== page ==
Although I was teaching the course, my goal was to have us all learning together and use discussion as much as possible. I used the Teacher's Guide during my lesson prep time, and rarely used it in class. Instead I penciled any notes I thought I'd need from the Teacher's Guide into my copy of the text to help me direct discussion or give "hints" during our classes. Since the Teacher's Guide did not provide grading rubrics or guidelines, I made my own so that I could grade student work as consistently as possible. My goal was to base their grade mostly on how well they followed the directions for the assignment and demonstrated that they understood the concept or writing device we were focusing on. I graded generously with grammar and mechanics. 

What we liked best: This is a fun class, especially in a co-op setting! There are tools and tricks of the trade to learn, but it's creative and there's a lot of room for individual style and interpretation. Everyone enjoyed watching and talking about movies and shows. There were some reluctant readers (and writers) in the class, but I think everyone had at least a couple of books they'd read and liked in the past, and they found that they could think of examples of story and plot elements and character types from what they'd read and watched. The assigned novel turned out to be pretty popular! It's written for middle grade reading level, so it was relatively easy for even those who didn't like to read, and I think everyone wound up liking it overall. I sure did! 

What I need to mention: I've already mentioned that grading will be pretty much up to the parent or co-op teacher for the course, and I think it would be perfectly acceptable to just base a grade on participation and completion if that works for the setting you're teaching in. If you're teaching in a co-op setting as I was, you will need to spend some time figuring out how to break up the lessons to fit into your class time and frequency. That takes a bit of creativity. Even if you're using this in your own homeschool and not in a co-op, your student is likely to get so much more out of it if they can discuss it with others and especially be able to share their writing with at least one other student. If you can arrange any kind of writer's circle - even one online - it will be helpful.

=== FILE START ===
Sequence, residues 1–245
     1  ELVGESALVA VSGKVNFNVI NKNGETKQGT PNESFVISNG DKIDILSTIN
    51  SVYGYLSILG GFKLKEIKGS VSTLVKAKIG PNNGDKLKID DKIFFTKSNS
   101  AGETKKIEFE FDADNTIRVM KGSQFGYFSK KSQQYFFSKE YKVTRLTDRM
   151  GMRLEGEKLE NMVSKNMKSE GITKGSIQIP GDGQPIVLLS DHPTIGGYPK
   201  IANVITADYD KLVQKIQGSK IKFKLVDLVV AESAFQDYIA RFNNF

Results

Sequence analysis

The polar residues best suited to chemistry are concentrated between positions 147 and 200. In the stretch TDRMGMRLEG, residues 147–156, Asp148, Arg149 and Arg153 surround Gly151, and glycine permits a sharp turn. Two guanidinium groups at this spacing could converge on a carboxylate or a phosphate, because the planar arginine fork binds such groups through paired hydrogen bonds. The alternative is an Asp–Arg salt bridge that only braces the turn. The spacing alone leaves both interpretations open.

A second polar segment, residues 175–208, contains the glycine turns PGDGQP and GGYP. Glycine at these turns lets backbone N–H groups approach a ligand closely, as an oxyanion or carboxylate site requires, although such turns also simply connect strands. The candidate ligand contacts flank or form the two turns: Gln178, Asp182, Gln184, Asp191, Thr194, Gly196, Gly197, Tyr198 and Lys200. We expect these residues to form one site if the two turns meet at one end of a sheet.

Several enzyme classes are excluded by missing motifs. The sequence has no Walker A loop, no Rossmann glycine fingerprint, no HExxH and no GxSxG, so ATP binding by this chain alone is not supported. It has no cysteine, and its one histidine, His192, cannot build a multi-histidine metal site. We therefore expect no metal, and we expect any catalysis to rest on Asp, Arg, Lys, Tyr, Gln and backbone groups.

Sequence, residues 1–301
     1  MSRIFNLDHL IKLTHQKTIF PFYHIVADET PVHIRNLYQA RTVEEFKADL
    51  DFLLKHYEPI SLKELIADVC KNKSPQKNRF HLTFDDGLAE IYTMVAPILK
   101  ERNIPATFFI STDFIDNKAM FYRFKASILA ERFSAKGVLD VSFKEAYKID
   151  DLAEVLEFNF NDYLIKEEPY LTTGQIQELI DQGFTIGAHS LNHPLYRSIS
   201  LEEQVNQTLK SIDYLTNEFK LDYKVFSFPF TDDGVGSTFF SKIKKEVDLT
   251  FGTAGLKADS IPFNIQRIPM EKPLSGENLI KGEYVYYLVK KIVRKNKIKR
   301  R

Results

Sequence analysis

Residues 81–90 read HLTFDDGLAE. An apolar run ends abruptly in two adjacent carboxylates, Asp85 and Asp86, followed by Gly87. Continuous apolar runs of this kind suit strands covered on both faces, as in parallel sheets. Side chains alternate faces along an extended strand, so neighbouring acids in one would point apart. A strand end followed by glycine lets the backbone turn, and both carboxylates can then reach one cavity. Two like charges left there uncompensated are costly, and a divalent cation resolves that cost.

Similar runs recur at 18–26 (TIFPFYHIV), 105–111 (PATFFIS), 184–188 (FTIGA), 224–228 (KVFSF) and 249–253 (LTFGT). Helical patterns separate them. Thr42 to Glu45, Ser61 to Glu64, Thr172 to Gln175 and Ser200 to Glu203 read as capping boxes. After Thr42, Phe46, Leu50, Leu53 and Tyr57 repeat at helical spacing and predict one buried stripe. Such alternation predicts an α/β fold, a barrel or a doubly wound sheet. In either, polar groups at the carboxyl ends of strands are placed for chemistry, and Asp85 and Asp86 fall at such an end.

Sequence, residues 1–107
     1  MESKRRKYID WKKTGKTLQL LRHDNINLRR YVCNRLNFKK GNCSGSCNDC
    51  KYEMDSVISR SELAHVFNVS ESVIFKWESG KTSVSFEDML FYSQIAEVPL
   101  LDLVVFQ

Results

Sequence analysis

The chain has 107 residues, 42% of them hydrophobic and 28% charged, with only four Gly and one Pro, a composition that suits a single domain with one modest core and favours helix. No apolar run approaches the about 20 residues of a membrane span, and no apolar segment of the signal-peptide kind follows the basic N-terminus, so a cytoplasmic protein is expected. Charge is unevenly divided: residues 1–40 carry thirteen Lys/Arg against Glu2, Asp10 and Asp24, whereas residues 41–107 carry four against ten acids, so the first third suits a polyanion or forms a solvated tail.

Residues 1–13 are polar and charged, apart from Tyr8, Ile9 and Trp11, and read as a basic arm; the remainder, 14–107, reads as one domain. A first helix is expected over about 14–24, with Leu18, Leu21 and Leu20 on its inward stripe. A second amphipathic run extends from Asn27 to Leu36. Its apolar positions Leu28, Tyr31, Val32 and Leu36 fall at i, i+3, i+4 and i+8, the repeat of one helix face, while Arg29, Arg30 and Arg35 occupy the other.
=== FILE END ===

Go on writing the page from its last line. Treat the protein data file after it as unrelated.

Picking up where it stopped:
Our bottom line: I am planning to teach this course again in our 2020-2021 homeschool co-op, and I'm looking forward to it. It's a fun and easy-to-teach course, as long as students participate and stay engaged.

Would you like to give story-writing a try in your homeschool? Here's what you need to know:

Visit the website:  www.WritingWithSharonWatson.com

Pricing: The student textbook is currently listed at $35, and the Teacher's Guide for $10. The required novel, The Last Book in the Universe, is currently listed at about $7.50.


Age recommendations: This course is intended for high school students.

Other curriculum from Sharon Watson includes: The Power In Your Hands Jump In!, and Illuminating Literature: When Worlds CollideYou can also find Writing With Sharon Watson on Facebook.

Read our full review of the non-fiction writing course here: The Power in Your Hands (A Schoolhouse Crew Review) and an update in the Blogging Through the Alphabet series here: The Power in Your Hands (Blogging Through the Alphabet).

The Power in Your Hands (Writing Non-Fiction in High School) from Writing with Sharon Watson - A Homeschool Coffee Break review for the Schoolhouse Review Crew on kympossibleblog.blogspot.com  The Power in Your Hands (Blogging Through the Alphabet) on Homeschool Coffee Break @ kympossibleblog.blogspot.com

Disclaimer: I am voluntarily providing this review and information about a product I have chosen to use. I received no compensation, nor was I required to write about or mention this product. All opinions expressed are my own or those of my family.

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Annette said...

good to know that it's not the best product for a singleton, the groups work better. Would make it hard to do with my lad then.

Kym said...

I think it certainly could be done with just one student, but that "writing circle" aspect would be missed. Although if you like to write, you could critique each other's work! I intended to do a lot of the writing assignments myself when I taught this the first time and just couldn't keep it up.